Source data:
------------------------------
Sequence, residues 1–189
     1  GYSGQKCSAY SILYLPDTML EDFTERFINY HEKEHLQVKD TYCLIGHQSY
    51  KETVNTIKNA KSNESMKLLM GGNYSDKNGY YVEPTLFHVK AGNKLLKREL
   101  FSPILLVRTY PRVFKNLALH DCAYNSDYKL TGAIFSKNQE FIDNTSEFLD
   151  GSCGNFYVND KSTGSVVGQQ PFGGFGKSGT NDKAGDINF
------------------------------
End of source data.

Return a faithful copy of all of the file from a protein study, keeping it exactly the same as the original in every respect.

Sequence, residues 1–189
     1  GYSGQKCSAY SILYLPDTML EDFTERFINY HEKEHLQVKD TYCLIGHQSY
    51  KETVNTIKNA KSNESMKLLM GGNYSDKNGY YVEPTLFHVK AGNKLLKREL
   101  FSPILLVRTY PRVFKNLALH DCAYNSDYKL TGAIFSKNQE FIDNTSEFLD
   151  GSCGNFYVND KSTGSVVGQQ PFGGFGKSGT NDKAGDINF